It takes a minimum of 28 years for a staff nurse in government hospitals to become a head nurse. A majority of them retire disappointed as they don’t stand a chance to get further promotions like Nursing Superintendent and Assistant Director of Nursing and become gazetted officers, which entails perks after retirement.
Ironically, nurses are not in-charge of their own nursing departments in State-run government hospitals. It’s the doctors, hailing from four different departments including Directorate of Health, Directorate of Medical Education, Andhra Pradesh Vidya Vidhan Parishad and Department of Family Welfare, who handle the administrative aspects of nurses.
Needless to say, nursing fraternity in the government hospitals find it hard to motivate themselves to excel in their roles. Lack of a dedicated directorate for nurses, practice of having midwives, regular recruitments, promotions and lack of infrastructure facilities have simply added to the woes of nurses. The discontentment among the nurses is widespread in government hospitals.
“How can a nurse motivate herself if she stagnates in one post for 28 years? Isn’t it absurd that issues relate to nurses are handled by doctors? Nurses are not getting their due in the government hospitals,” charges former general secretary, A.P. Government Nurses’ Association (APGNA), K. Sujavathi.
Many complain about lack of avenues for growth. “There is no culture of midwives, which is a step-up for nurses. Midwives take complete care of hospital obstetrics, birth centre, labour wards and postnatal wards. They handle pregnancies on their own unless the pregnancy is complicated and needs the presence of a doctor. This culture is not there in our government hospitals,” rues another nurse Stella Joseph.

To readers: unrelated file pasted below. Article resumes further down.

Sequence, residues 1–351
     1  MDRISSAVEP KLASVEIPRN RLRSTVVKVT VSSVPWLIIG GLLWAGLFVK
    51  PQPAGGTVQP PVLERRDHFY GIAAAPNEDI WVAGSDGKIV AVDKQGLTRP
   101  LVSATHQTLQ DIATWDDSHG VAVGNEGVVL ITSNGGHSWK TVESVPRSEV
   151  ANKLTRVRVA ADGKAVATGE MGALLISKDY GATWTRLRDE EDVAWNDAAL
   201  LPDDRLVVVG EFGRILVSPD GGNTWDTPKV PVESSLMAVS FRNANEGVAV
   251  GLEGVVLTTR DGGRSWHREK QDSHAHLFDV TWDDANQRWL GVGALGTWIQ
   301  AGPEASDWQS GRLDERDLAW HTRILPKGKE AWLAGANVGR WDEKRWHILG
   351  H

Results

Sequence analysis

At Osmania General Hospital (OGH), the largest tertiary care centre, new specialties are added every year, but the number of nurses remains the same. While officially the hospital has 1,168 beds, in the last few years, the number has gone up to 1,500. However, at present, there are only 312 staff nurses and 65 head nurses at the OGH.
“If you want to improve medical care, you have to keep the nurses happy. Basic facilities like sick rooms, changing rooms, hostels, regular promotions, separate directorate and introducing courses on midwives are a way forward. Holding celebrations for nurses once a year is not enough to improve working conditions of the nurses,” Ms. Sujavathi pointed out.